Second, Noah is coming out this weekend, and we have collected a number of things to read, if you are thinking about seeing it. The first recommendation would be to read the actual account of Noah and the ark in scripture; start in Genesis 6 and continue through Genesis 9. (A quick, or thorough, reading will tell you that there must be some additions or cinematic choices made to make the story into a feature length film.) There is a thoughtful review on the National Catholic Register that provides some context for the movie and thoughts on the production and retelling of the story. Catholic Online movie reviewer Scot Landry makes a case for 8 Reasons Why Catholics Should See Noah. And, Catholic Vote has a blog post on 100 proudly Catholic films, whether or not you feel like Noah is going to bring you to the theater.

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Third, while we’re still in the midst of Lent, let’s not forget to prepare for the great feast of Divine Mercy that is coming our way one month from today! Along with the great feat in the midst of the Easter season, on April 27th of this year, two canonizations will take place, of Blessed Pope John XXIII and Blessed Pope John Paul II. Now is the perfect time to learn about these great saints-to-be. Here are a few suggestions:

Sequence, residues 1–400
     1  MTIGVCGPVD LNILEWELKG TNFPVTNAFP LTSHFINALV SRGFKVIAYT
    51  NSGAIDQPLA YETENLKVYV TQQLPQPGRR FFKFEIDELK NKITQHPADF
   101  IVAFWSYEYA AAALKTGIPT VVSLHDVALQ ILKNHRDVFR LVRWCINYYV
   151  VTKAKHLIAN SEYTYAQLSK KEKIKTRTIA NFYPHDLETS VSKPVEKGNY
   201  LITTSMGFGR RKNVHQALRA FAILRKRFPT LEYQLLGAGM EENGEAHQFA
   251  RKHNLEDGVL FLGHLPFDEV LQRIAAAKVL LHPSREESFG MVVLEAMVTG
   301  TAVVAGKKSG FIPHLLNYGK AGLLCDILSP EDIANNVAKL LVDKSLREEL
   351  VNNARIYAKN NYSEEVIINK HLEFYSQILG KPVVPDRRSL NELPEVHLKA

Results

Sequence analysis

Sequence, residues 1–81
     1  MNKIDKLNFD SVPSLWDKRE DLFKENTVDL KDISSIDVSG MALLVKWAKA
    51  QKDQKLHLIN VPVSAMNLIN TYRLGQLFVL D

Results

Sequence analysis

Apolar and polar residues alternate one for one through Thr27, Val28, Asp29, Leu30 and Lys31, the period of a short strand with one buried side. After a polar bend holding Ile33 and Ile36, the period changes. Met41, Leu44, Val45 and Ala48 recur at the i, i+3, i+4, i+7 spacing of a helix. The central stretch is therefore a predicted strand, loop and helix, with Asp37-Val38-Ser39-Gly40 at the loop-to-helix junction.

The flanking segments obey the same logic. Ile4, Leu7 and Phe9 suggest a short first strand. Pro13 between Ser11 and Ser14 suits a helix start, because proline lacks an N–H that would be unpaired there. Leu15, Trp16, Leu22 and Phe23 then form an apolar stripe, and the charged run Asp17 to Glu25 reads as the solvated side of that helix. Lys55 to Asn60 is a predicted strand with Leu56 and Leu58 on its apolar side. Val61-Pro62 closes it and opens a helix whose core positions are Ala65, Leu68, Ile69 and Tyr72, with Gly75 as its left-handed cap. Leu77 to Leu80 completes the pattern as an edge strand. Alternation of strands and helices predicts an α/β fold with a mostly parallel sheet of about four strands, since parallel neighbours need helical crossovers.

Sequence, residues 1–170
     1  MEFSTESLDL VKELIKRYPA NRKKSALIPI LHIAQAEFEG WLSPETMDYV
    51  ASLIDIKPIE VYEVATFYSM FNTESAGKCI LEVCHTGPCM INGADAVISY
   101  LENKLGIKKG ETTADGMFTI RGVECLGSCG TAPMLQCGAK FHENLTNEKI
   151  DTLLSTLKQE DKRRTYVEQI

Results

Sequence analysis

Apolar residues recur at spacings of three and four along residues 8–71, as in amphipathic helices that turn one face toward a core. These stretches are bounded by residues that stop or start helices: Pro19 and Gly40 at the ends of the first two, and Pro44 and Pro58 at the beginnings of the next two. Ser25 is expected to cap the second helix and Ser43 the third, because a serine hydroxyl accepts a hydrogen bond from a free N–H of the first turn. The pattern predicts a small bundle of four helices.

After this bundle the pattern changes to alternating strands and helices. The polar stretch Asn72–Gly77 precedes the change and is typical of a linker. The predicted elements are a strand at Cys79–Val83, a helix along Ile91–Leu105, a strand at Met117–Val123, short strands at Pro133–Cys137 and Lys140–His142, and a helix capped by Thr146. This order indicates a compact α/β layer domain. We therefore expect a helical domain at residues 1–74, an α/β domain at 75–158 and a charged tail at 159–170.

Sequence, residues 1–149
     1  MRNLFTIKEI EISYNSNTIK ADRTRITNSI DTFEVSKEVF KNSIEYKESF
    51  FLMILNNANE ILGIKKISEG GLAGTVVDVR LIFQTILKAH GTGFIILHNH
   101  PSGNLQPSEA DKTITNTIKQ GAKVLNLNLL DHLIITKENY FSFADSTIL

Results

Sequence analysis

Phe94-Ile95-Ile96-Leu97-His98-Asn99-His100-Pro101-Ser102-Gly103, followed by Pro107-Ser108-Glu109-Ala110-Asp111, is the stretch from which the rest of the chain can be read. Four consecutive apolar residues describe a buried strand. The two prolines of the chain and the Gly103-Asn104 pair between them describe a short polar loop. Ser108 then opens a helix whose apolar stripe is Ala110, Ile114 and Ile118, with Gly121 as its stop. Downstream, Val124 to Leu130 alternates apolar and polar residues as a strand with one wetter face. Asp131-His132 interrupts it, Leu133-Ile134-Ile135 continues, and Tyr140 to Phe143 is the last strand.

– Journal of a Soul: The Autobiography of Pope John XXIII 
– Saint John Paul the Great: His Five Loves by Jason Evert (Learn about this incredible brand new book here! From there you can download a chapter of it, place a bulk order for them in paperback, pick one up in hardcover, and get the links to buy them on your iPad, Kindle or Nook!)
Pope John XXIII Vatican Webpage
Pope John XXIII Beatification Homily
Pope John Paul II Vatican Webpage
Pope John Paul II Beatification Homily

Fourth, thanks to the great support for the Camp Gray fundraiser at Orange Leaf (the Old Sauk, Middleton location) last night. See the recap from the event on their Twitter account.

Fifth, go Badgers!

Sixth, if you want to win a copy of Saint John Paul the Great: His Five Loves, you have a chance to do so today! Just leave a comment with your name and Parish. We’ll draw two winners at 10:00am on Monday, March 30th!